I had quite a few emails from readers after yesterday’s post on the Surface. I asked permission to reproduce some of them anonymously as I thought the points deserved airing, especially since a few reckoned I was overlooking things.
Here we go…
You might be missing the point.
What I took from the launch and pricing (although I’ll confess I haven’t looked in detail yet) is that Microsoft aren’t going after you, Tom, me and my wife just yet. I don’t think they were going after us and screwed it up, they just aren’t going after us.
What Microsoft are doing instead is buoying up the IT reseller channel. I know of several resellers who have been prepping for this for several months now. Off the record, one in particular (household name, etc.) has basically turned 180′ and is ditching its Android tablet range completely for Surface. They’re not quite ditching the Galaxy S2 and S3 phones, but they are seriously de-investing in them.
I’m also given to believe that Nokia’s love for the IT reseller channel has been building up recently, ahead of Surface and Windows 8.
It’s boringly predictable, but the aim seems to be to offer an alternative to BYOD, and go for corporate IT departments rolling out tablets. It has to be good to get over the “I prefer my iPad” objection, which it seems to be. Do consider that, generally speaking, enterprises usually buy what their reseller sells them.
I wouldn’t be surprised if Xbox live etc and consumerisation came later, but I’m not surprised that they aren’t there now.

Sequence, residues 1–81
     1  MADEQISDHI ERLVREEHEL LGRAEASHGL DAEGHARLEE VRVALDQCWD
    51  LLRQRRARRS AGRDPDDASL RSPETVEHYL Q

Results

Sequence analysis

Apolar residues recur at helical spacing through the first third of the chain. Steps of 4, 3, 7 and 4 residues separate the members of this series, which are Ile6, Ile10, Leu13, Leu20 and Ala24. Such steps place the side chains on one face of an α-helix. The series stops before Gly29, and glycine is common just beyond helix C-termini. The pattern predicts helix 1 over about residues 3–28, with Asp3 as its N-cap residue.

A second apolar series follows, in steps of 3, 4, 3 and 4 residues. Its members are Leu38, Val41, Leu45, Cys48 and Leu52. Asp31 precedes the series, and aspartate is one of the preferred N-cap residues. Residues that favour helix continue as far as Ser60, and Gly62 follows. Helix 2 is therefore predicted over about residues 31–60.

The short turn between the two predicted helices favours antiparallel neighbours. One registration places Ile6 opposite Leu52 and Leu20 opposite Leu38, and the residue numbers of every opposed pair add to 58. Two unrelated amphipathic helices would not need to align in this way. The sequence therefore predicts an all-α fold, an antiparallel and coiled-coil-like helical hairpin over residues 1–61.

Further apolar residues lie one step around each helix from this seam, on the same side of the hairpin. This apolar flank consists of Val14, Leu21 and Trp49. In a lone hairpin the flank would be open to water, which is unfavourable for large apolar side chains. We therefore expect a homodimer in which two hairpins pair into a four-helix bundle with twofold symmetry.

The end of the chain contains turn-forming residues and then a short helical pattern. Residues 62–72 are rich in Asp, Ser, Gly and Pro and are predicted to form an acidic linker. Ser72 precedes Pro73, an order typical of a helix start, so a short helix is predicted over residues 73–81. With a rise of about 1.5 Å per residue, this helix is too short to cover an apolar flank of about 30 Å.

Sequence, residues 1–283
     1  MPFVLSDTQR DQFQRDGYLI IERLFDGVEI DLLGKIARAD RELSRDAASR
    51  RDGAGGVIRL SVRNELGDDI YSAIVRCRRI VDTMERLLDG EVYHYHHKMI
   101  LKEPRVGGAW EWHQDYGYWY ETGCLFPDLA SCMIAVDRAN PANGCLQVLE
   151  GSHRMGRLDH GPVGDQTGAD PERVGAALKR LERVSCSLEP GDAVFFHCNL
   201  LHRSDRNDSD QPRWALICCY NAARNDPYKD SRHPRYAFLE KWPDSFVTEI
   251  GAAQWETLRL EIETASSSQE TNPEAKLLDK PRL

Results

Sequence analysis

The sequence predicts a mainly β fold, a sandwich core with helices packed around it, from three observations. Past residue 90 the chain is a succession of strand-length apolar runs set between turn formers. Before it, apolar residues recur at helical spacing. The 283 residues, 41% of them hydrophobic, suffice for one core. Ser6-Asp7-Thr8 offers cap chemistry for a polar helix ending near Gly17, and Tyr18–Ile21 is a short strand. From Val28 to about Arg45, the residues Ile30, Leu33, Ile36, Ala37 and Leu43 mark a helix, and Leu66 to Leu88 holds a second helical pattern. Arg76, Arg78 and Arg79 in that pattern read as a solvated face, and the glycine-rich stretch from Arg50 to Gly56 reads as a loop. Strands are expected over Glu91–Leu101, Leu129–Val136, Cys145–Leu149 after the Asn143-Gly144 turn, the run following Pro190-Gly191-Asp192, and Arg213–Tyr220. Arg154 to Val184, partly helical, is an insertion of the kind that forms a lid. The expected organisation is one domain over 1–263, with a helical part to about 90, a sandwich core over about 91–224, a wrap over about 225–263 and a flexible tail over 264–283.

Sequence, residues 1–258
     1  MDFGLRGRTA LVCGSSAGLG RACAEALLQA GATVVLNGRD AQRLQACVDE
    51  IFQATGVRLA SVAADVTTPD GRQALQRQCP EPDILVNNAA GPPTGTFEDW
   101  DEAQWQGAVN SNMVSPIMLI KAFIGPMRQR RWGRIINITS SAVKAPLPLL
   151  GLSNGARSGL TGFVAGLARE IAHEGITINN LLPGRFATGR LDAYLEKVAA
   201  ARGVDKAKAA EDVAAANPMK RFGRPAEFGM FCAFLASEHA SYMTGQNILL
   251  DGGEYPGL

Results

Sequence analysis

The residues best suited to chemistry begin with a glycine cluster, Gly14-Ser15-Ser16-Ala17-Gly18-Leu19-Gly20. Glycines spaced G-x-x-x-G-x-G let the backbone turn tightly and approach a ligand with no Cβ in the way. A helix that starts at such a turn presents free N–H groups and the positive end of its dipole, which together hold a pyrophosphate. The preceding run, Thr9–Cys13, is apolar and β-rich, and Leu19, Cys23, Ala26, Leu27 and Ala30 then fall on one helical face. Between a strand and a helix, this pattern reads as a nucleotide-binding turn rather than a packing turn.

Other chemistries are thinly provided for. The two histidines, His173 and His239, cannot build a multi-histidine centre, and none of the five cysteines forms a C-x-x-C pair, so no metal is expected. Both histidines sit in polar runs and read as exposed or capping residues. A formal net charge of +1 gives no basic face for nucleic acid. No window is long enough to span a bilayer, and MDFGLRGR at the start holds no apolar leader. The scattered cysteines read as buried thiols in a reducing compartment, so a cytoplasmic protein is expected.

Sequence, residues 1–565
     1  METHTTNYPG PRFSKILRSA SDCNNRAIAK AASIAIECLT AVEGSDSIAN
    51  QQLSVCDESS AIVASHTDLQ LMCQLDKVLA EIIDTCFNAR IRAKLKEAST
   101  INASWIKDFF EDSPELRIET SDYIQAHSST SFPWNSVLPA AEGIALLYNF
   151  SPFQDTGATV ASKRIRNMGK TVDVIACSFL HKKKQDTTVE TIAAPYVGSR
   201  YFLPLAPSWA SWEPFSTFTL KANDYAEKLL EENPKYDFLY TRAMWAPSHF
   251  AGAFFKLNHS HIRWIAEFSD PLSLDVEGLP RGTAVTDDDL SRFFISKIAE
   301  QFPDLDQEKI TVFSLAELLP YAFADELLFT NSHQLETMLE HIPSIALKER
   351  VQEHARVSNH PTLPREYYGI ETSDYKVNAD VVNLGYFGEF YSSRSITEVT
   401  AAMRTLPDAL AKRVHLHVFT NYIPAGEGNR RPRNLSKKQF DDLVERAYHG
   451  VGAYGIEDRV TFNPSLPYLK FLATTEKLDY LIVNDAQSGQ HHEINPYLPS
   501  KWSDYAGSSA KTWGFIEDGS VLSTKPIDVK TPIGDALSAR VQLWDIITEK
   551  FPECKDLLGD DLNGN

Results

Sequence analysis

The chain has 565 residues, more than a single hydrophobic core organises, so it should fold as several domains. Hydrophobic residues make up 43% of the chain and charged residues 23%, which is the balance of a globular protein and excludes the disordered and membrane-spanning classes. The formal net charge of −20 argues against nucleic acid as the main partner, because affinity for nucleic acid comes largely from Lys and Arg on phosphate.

And here’s another in a similar vein:
It would have been really interesting to see a new business model as an approach to differentiate from the competition. True.
That being said, we should be focusing on the actual product and if it will deliver. You said MS trusts it will, but you seemed to imply that it was a risky approach. Why? Apple is at the end of the maturity phase of the iphone and ipad life cycles. They are milking the cash cow, feeding people with updates to keep up with the technological pace (no evolution at all, let alone, revolution). They were the first to the market so they will be the first to wear out.
You apparently think that Apple is light years away from the rest. They are not anymore (look at the Lumia 920 outselling the iPhone in Carphone Warehouse in France and Italy). The iPad covered a huge market gap that really embraced the tablet, but even with their really agressive enterprise strategy, selling iPads to business users is like selling netbooks, the product succeeded only becaused it was the closest thing that covered that gap I was talking before.
Bottom line: The iPad is to the enterprise segment what Netbooks were to the consumer segment of light computer users. And the Surface and other Win RT tablets could very well be what the iPad was to Netbooks. No need to innovate pricewise, the product should speak for itself. I believe this is the strategy and if you really think what you said about the Surface, this strategy should be more than Fine.
I think, once again, I was looking for an immediate ‘wow’ that removed all barriers. I’m still very much excited at the prospect of the Surface (and derivatives) giving Apple and the rest of the market a bit of decent competition. It’s been rather depressing when the only game in town was clearly Apple — where even at launch events of new products, everyone in the room was thinking, “It’s not quite the iPhone/iPad/whatever”. The market need some good competition!
Thank you M and EB for permission to reproduce your comments.